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Senem Kumova Metin 2010-2011 Introduction to Programming CS 115 Introduction to Computing PART I : Computer Basics PART II: Introduction to Computing/Programming.

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Presentation on theme: "Senem Kumova Metin 2010-2011 Introduction to Programming CS 115 Introduction to Computing PART I : Computer Basics PART II: Introduction to Computing/Programming."— Presentation transcript:

1 Senem Kumova Metin Introduction to Programming CS 115 Introduction to Computing PART I : Computer Basics PART II: Introduction to Computing/Programming

2 Senem Kumova Metin PART I : Computer Basics Contents Computer basics Hardware & software Hardware components

3 Senem Kumova Metin What is a Computer? A computer is a machine that manipulates data according to a list of instructions Simply a computer 1. takes information (or inputs) 2. processes it according to a set of instructions (a program) 3. gives back a result (or output)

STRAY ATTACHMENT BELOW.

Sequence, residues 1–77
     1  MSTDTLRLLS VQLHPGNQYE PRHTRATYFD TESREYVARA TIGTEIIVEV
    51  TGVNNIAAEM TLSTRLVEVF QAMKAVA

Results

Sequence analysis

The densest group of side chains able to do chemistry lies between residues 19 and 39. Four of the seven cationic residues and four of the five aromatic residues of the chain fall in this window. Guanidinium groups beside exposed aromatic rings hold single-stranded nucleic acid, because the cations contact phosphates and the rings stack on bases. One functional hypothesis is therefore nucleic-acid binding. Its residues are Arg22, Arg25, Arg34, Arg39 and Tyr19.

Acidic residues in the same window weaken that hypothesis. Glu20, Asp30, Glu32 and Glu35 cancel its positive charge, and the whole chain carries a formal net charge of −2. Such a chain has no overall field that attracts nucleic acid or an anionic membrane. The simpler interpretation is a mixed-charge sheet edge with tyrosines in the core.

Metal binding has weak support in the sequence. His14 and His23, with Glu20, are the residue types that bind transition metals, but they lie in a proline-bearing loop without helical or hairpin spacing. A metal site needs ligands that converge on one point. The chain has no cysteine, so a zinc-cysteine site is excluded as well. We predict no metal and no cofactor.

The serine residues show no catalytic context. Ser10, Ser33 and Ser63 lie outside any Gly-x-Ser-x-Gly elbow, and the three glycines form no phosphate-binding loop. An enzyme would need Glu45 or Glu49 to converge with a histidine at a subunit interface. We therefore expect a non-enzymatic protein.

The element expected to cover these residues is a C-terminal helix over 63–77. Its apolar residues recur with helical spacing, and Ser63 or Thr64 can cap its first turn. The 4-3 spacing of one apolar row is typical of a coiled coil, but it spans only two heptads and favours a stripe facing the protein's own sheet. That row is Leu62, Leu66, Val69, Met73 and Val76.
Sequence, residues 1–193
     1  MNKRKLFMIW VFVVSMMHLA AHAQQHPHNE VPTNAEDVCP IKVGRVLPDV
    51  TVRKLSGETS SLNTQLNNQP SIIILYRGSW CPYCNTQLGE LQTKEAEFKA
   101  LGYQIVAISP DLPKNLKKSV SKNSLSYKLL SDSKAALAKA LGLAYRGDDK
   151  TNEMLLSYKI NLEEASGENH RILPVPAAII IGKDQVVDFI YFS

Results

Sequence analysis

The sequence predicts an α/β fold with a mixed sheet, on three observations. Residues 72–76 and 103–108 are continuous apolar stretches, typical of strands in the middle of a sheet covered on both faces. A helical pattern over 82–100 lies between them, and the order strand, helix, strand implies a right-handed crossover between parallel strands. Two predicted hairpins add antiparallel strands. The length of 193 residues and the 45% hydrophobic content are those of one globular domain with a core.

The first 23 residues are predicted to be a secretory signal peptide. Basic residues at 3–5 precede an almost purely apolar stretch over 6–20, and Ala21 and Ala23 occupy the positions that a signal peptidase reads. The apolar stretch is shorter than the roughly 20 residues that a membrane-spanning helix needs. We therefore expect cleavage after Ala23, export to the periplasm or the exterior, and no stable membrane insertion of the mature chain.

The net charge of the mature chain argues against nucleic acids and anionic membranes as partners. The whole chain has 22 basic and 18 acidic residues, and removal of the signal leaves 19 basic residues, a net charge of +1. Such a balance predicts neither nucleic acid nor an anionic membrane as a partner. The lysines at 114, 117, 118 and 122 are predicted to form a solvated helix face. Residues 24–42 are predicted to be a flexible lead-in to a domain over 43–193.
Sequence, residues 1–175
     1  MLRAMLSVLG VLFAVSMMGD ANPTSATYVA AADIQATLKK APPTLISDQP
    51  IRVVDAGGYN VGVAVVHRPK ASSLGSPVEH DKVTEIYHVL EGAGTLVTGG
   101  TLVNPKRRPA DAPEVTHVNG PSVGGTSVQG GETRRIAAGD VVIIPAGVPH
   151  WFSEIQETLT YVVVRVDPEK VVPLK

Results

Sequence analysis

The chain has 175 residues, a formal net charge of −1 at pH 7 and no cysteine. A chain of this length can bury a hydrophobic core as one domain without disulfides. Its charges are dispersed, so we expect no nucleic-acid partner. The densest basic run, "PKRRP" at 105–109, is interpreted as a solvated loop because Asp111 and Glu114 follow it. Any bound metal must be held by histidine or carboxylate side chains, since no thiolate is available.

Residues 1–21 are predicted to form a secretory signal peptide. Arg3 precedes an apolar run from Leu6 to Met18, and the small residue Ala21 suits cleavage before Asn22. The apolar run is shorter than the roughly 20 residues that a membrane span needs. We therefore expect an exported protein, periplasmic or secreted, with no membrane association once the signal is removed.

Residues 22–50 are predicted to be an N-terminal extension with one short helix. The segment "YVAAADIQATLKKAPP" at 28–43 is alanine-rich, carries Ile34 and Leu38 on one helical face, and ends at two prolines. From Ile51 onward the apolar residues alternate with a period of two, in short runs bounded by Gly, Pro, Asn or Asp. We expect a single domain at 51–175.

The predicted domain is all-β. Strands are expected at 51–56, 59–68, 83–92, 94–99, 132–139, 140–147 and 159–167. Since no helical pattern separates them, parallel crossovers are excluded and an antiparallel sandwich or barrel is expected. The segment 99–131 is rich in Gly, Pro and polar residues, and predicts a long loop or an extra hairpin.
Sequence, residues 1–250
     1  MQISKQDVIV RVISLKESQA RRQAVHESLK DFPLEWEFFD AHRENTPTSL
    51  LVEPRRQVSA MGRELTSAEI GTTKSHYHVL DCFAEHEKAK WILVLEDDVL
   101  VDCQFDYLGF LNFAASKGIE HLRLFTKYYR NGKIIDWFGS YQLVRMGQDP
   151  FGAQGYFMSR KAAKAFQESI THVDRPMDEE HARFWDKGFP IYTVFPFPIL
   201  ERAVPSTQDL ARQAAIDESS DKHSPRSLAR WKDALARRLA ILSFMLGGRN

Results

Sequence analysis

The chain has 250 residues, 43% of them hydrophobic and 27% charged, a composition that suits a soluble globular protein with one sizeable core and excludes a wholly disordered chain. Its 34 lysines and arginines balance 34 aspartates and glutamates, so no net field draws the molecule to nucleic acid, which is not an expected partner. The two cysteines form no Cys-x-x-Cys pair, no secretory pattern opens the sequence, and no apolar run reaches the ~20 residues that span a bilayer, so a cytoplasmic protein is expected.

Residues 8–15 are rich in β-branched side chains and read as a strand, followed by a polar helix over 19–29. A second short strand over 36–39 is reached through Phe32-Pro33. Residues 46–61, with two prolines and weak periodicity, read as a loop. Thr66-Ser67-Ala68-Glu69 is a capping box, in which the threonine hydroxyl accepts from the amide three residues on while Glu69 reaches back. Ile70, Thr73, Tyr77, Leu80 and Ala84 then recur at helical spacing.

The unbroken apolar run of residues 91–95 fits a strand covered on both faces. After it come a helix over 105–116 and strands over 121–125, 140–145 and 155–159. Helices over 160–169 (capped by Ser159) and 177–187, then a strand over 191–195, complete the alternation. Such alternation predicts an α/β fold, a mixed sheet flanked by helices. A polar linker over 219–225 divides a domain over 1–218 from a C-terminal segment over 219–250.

4 Senem Kumova Metin Computing Activity of using and developing computer technology, computer hardware and software. Hardware –a general term that refers to the physical artifacts of a technology Software –a general term used to describe a collection of computer programs, procedures and documentation that perform some tasks on a computer system

5 Senem Kumova Metin Key components of a Computer

6 Senem Kumova Metin Key components of a Computer Input Devices –Receiving sections of computer –Allow the user to control the machine –Examples : Keyboard Mouse Microphone Scanner Etc..

7 Senem Kumova Metin Key components of a Computer Output Devices –Return the results of computer actions back to the user –Examples : Monitor Speakers Printer